In severe cases, steroid tablets taken by mouth or given by injection may be needed to treat discoid eczema.
Note: when using both an emollient and a topical steroid, you should apply the emollient first. Wait 10-15 minutes after applying an emollient before applying a topical steroid. That is, the emollient should be allowed to absorb before a steroid is applied. (The skin should be moist or slightly tacky but not slippery, when applying the steroid.)
Treatment of infection
You may need antibiotics if there is bacterial infection of discoid eczema patches. This may be in a cream or tablet form depending on the severity of the infection.
Treatment to reduce itching
Antihistamine tablets may help to reduce itching and may be particularly useful at night-time when trying to sleep. However, some antihistamines can make you feel drowsy (even the next day). So, you should not drive or operate machinery if they affect you in this way.
Tar preparations may be helpful, especially in areas of skin that have been thickened and scaly for a long time.
Tacrolimus and pimecrolimus are other creams that may be used to help reduce inflammation in some people with discoid eczema. They may be considered in some people if steroid treatment is not working.
Because discoid eczema tends to improve in the sun, phototherapy (ultraviolet (UV) light treatment) can sometimes be helpful as a treatment. The UV radiation helps to reduce the inflammation in the skin. However, care should be taken, as exposure to UV radiation does carry its own risks of skin damage, including an increased risk of skin cancers. So, the risks of this type of treatment need to be weighed against the benefits. This type of treatment is usually used if discoid eczema is severe or other treatments have not worked.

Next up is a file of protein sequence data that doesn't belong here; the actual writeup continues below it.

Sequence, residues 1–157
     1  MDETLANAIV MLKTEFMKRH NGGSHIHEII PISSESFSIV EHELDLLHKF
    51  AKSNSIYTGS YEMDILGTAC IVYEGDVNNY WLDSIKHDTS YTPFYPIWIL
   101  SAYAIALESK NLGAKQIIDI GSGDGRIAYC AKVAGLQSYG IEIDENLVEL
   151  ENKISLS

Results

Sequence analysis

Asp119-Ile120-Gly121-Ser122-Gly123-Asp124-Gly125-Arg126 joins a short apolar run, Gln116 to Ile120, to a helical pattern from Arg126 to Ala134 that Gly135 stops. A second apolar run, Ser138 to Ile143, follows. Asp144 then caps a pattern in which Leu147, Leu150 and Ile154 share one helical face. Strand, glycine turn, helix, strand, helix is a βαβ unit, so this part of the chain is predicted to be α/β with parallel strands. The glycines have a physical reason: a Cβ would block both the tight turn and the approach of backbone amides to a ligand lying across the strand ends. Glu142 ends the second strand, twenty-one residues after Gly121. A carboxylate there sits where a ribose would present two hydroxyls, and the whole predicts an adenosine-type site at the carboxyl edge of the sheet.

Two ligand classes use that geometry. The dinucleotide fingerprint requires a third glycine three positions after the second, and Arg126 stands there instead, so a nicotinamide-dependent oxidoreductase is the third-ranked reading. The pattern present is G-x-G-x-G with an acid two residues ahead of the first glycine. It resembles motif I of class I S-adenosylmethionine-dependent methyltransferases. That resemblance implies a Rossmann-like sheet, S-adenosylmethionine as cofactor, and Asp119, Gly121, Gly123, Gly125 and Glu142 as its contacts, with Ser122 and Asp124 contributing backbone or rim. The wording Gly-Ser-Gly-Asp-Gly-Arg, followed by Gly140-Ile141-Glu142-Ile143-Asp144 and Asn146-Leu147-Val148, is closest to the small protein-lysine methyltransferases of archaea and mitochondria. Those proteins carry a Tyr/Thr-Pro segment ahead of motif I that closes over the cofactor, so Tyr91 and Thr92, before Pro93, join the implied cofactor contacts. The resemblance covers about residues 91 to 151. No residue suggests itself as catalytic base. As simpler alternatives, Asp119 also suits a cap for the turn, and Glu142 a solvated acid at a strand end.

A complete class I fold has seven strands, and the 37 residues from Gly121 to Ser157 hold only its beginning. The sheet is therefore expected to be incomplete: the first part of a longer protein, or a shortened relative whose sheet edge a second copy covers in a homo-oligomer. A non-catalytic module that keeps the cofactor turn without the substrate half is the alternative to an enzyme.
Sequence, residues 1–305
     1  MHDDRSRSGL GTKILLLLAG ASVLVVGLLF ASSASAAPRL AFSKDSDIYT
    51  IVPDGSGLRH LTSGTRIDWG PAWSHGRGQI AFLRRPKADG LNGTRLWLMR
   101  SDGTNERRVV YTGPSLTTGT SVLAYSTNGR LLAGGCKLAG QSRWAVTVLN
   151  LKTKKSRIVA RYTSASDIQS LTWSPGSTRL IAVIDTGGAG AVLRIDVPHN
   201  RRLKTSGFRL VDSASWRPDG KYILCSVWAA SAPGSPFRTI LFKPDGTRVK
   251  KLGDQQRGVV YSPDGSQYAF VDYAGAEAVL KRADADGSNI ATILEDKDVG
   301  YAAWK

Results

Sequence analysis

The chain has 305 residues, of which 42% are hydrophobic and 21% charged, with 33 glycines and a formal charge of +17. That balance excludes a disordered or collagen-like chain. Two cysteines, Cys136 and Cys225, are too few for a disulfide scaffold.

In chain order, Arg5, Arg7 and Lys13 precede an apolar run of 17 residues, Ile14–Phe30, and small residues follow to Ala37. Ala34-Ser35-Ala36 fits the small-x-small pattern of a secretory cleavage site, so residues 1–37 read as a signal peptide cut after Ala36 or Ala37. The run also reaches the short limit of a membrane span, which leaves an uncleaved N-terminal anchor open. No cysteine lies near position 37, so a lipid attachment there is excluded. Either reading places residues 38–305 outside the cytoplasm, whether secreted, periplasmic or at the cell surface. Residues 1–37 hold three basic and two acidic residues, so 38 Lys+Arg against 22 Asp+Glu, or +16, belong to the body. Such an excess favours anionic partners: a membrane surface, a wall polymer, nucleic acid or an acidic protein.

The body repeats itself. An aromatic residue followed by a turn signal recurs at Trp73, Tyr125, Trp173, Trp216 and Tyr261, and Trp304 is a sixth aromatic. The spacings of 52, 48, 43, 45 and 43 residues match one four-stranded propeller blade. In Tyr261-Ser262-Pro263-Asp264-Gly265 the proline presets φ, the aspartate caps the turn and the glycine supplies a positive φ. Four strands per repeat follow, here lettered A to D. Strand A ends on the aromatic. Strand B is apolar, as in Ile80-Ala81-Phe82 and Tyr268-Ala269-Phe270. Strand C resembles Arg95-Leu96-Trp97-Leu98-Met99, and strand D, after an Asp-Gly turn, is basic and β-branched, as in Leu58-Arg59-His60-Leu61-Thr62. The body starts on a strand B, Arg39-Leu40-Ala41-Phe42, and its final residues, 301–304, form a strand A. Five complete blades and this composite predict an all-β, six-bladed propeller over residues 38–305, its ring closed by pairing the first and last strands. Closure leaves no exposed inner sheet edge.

Medicines that suppress your immune system may occasionally be needed to treat discoid eczema. They include medicines such as ciclosporin. Again, they are usually only used in severe cases of discoid eczema that are very difficult to treat and have not responded to other treatments.
Are there any possible complications?
As mentioned above, bacterial infection of a patch of discoid eczema can occur and needs to be treated with antibiotics. Also, care should be taken to avoid scratching the itchy patches where possible because if you scratch a skin patch too much, scarring of your skin can occur.
After a discoid eczema skin patch has healed, in many people there will be no residual signs. However, in some people there can be some permanent brown discolouration of the skin in the affected area. In others, the affected area of skin can become paler than the surrounding skin.
What is the prognosis (outlook) for discoid eczema?
Once discoid eczema has been successfully treated, a flare-up can occur again in the future. Therefore, you should take care to keep your skin well hydrated with emollients to try to reduce the chance of future flare-ups. Where possible, you should also try to avoid anything that may have triggered the eczema, such as hot baths or irritating clothing. You might find a humidifier in the room helps to reduce flare-ups. If flare-ups do occur, they often affect the same areas of skin as before.
Further help and information
National Eczema Society
Tel (Helpline): 0800 089 1122 Web: www.eczema.org
Further reading & references
- Miller JL, Nummular Dermatitis, Medscape, May 2011
- Moore MM, Elpern DJ, Carter DJ; Severe, generalized nummular eczema secondary to interferon alfa-2b plus ribavirin combination therapy in a patient with chronic hepatitis C virus infection. Arch Dermatol. 2004 Feb;140(2):215-7.
- Discoid eczema, DermNet NZ, updated July 2011
- Khurana S, Jain VK, Aggarwal K, et al; Patch testing in discoid eczema. J Dermatol. 2002 Dec;29(12):763-7.
|Original Author: Dr Tim Kenny||Current Version: Dr Laurence Knott||Peer Reviewer: Dr Tim Kenny|
|Last Checked: 21/02/2012||Document ID: 13159 Version: 3||© EMIS|